The art of judging latte art

As a designer married to a coffee shop manager, I've learned to appreciate all the work that goes into these images

Topics: Imprint, Design, Great coffee art,

The art of judging latte art

Imprint
My husband manages a coffee shop, and we actually met in a coffee shop. As you can imagine, our kitchen has an espresso machine, an industrial grinder, a home grinder, two coffee pots, an iced coffee maker, a french press, a pour over kit… Needless to say, we’re well-equipped in case there is an apocalypse and the new currency is coffee beans.

My first introduction to the merits of latte art was through him. I actually dislike recognizable shapes in my cups, but I have come to love the pen and ink McSweeney’s quality of rosettas (the shapes you see etched below). Not quite flower, not quite feather, just a Rorschach blot crowning my morning cappuccino.

When he started judging latte art competitions, I obliged by glancing over his shoulder and rambling things about line quality, since of course I felt this was in my area of expertise as a designer. But I had no idea how extensive the actual criteria are. For instance, at the World Latte Art Competition, there’s both a technical judge and a style judge. (Perhaps design competitions could employ a similar model.)

The main judging criteria are summarized as:

  • Balance and Symmetry (dividing lines are even and show no hesitation)
  • Harmony (between the size of the cup and the size and position of the design)
  • Clarity of Design (contrast)
  • Quality of Milk Texture (yes, it takes a lot of practice to perfectly texture milk)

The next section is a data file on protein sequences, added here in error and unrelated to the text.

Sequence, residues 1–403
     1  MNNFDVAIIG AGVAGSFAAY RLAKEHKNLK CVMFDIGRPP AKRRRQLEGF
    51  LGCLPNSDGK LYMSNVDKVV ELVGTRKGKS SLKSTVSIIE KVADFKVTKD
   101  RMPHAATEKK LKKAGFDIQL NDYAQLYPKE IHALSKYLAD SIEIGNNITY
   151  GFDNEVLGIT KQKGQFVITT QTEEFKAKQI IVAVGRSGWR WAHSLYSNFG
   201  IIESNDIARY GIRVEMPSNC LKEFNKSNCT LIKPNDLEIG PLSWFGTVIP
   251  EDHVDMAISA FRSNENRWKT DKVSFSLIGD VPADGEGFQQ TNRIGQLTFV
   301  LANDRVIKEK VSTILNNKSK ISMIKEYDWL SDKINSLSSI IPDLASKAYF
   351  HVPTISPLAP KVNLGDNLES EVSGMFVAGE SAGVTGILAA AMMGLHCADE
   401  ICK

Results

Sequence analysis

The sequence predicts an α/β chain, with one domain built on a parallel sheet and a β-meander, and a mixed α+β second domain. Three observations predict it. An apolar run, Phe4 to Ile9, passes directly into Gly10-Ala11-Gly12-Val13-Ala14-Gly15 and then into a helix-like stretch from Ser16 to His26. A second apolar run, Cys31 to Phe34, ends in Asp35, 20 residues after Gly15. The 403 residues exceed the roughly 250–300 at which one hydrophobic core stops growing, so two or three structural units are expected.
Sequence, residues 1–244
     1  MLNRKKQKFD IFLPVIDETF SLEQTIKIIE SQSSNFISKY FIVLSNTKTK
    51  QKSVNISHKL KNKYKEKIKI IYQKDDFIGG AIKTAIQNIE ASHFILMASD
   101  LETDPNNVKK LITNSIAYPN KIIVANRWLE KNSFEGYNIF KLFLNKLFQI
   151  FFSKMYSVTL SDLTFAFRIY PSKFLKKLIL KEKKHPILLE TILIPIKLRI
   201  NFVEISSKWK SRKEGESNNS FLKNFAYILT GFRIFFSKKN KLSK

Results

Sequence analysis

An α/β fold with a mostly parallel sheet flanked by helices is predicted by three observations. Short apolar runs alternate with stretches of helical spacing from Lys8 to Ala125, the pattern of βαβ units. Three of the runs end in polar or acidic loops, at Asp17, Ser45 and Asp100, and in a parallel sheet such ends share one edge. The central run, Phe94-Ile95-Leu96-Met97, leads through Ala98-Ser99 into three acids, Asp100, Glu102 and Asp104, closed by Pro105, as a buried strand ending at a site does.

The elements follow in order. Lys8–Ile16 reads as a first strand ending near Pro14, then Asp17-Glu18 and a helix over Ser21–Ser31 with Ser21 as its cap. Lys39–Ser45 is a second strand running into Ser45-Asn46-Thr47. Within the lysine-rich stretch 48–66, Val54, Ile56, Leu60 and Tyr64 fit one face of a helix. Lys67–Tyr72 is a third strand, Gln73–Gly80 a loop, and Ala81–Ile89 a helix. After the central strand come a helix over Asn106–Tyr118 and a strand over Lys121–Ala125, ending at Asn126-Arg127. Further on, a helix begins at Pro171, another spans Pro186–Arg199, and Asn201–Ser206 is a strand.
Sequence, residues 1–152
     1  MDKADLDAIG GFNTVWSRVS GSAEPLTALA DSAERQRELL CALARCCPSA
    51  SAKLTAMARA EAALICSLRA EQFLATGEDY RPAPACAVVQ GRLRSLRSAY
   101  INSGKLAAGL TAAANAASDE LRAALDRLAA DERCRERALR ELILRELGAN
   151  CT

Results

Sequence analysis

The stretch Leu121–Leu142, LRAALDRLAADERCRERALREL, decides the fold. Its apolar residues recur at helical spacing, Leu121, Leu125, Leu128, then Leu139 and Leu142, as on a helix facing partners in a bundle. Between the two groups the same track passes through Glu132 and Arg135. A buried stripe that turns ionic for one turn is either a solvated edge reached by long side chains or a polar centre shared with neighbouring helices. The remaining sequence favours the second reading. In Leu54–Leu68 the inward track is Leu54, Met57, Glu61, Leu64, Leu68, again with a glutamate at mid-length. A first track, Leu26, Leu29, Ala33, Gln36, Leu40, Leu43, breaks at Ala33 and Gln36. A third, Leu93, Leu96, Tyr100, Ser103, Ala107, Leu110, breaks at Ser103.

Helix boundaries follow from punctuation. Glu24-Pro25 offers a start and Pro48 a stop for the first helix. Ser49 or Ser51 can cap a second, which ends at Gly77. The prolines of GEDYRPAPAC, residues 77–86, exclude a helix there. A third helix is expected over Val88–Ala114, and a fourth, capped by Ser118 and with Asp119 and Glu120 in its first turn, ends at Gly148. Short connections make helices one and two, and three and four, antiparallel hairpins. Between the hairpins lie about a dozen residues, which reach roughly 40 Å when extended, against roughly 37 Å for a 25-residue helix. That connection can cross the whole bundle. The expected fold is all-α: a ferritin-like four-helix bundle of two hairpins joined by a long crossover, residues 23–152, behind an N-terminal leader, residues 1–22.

Over time, I began to be able to spot the signature style of many baristas around Boston. There was one barista in particular who had a very whimsical line quality I grew to love, similar to the initial cap at the beginning of a book of Aesop’s Fables I remember reading as a child. Yes, there are technical reasons for variations from barista to barista like how quickly they pour the milk through the espresso or the size of the cup; but in the end, it’s the rhythm of their hand, just like any artist’s hand, that makes the difference. No two are alike and personal style can be your best friend or something you fight in the quest for perfection.

Here are 12 delicious cups poured by talented hands across Boston. I have included their signatures to give additional insight into their personal line quality.



1st column top to bottom:
Charles Hale, Render
Joe Smith, Blue State Coffee
Ryan Ludwig, Blue State Coffee
Ryan Soeder, Counter Culture
Daria Whalen, Pavement/ERC
Markus McVay, Render

2nd column top to bottom:
Mia Govoni, Pavement/ERC
Dylan Evan, Cafe Fixe
Scot Blevins, Cafe Fixe
Wolfie Barn, Untastable
Calin Robinette, Voltage
Nate DeRuvo, Blue State Coffee

Copyright F+W Media Inc. 2012.

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